Cyolo, a startup that creates a platform for users to access applications, servers, desktops and files of their organization, today announced that it has raised $21 million in funding led by National Grid Partners and a strategic investment by Glilot Capital Partners. Merlin Cyber and existing backers include Flint Capital, Global Founders Fund and Differential Ventures. Ciolo said the funds will be used to accelerate development and research, as well as help new customers transition to the trust system.
Organizations today face numerous breaches and vulnerabilities that can cause reputational and financial damage. In 2021, there were 9.8 million records in 106 cases in June, according to IT Management analysts. That’s why some businesses are taking action by accelerating the adoption of networks built around zero trust. Zero-trust links abstract access mechanisms so that security engineers and staff can take full responsibility for them, eliminating the excessive trust required to allow staff to operate.
Cyolo consistently identifies and authorizes devices, users, and individuals within the system, providing access to organizational resources, applications, data, software, and more. Incorporating IT and application technology, Cyolo does not have access to customer data, ensuring that the organization does not compromise on sharing information or secrets.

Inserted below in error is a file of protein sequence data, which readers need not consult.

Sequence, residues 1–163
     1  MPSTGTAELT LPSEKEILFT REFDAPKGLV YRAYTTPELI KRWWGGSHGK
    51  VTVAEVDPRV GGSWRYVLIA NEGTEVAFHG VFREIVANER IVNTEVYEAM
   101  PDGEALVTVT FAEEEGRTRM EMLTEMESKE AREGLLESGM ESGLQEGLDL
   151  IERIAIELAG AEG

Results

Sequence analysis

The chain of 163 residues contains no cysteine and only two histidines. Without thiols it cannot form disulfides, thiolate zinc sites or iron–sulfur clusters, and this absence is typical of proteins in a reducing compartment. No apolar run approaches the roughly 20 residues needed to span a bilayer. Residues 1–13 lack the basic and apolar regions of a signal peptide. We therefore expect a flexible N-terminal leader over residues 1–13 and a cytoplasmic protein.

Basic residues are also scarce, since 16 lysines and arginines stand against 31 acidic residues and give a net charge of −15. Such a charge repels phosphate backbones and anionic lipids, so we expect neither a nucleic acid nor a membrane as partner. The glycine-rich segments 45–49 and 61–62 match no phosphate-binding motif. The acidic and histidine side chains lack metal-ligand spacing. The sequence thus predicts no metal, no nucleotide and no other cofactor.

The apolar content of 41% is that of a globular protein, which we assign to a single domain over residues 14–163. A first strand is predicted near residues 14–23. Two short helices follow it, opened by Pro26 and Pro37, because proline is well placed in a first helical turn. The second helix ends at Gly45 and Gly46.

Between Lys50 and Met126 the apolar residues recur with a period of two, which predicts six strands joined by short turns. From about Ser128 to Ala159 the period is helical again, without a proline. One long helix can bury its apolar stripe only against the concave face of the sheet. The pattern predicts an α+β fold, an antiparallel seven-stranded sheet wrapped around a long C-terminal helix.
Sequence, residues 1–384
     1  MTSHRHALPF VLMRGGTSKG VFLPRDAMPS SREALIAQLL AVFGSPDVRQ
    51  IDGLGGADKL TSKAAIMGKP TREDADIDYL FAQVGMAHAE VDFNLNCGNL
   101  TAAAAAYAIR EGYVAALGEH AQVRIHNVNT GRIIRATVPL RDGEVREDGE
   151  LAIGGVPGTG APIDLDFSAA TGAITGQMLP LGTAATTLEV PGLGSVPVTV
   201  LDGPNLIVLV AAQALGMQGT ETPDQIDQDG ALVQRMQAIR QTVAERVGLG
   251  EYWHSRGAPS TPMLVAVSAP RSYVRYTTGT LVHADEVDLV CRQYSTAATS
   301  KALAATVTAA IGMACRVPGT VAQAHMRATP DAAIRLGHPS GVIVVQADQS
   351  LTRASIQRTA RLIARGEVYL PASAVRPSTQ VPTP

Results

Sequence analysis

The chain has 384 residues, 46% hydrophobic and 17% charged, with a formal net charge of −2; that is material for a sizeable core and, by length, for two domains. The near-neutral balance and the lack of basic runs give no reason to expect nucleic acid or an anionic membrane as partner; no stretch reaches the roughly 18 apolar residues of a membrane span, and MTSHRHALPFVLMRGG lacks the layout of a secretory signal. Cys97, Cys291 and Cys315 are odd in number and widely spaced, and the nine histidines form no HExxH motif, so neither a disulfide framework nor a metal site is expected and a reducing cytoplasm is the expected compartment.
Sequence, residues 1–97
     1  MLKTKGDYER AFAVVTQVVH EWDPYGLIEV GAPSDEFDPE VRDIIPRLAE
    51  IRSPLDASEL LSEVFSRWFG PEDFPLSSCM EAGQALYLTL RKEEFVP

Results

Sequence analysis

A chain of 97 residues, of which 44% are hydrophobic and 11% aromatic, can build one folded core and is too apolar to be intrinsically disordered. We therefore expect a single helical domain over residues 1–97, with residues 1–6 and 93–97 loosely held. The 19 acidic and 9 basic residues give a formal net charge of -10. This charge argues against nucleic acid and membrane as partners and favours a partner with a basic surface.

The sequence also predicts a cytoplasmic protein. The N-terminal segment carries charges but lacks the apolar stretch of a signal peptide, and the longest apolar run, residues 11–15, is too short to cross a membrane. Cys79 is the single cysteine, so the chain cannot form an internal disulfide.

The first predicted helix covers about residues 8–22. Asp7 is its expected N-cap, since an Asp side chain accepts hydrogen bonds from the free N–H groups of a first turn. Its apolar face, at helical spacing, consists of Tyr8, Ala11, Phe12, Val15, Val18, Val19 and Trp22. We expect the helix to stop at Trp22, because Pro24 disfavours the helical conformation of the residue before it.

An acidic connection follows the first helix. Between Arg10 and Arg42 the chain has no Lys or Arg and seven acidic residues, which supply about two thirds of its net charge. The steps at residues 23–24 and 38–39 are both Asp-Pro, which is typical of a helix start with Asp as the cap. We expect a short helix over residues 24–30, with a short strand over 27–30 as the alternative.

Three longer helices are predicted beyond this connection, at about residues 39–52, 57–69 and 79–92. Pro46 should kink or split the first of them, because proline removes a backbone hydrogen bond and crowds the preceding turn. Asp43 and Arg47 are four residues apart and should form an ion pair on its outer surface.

“Cyolo was created in 2019 by a former commander of the Israeli Navy’s CyberUnit to provide organizations with flexibility, resilience and productivity,” founder and CEO Almog Apirion told VentureBeat via email. “The pandemic has accelerated digital transformation in almost every industry and vertical, and the fundamental change is secure connectivity for computers based on network virtual features. Cyolo brings trustless connectivity and identity-based authentication to cyberspace and connects users to devices, computers, and services.”
A platform of trust
Cyolo works in existing environments and does not require infrastructure changes, adapting to different locations, networks or platforms, according to Apirion. Any device running a modern operating system can be identified by an authentication pass or identity, and each entity on the platform can identify another identity before authenticating a connection.
Apirion gave the example of Rapac Energy customers, who work with Cyolo to access systems related to suppliers and support teams. The new solution must provide security features that meet strict regulatory and regulatory requirements managed by Rapac’s security team.
“Rapac used to use a VPN, but the access was slow, there was a lot of usage, and the employees didn’t like using it,” Apirion said. “Before opening Cyolo, Rapac … believed that it was necessary to build the necessary solutions from several applications and systems that would be integrated [together]. Cyolo’s … solution for Rapac is used internally to provide trustless reliability between systems and applications for employees. At Rapac, the implementation takes only one day, including training the system and including cyber support.”
Okta, Citrix Workspace, Duo Security, Perimeter 81, Claroty, CyberArk, Connect Secure and NetMotion are expected to grow the zero-trust market at $59.43 billion by 2028. among its competitors. to gain greater traction by expanding its marketing and sales teams, particularly in the US and UK.
As the world moves to a more hybrid remote work culture, it faces new data vulnerabilities. “Achieving the right zero-trust architecture for businesses and organizations means finding an identity-based solution like Cyolo that can support flexible and ubiquitous business environments.”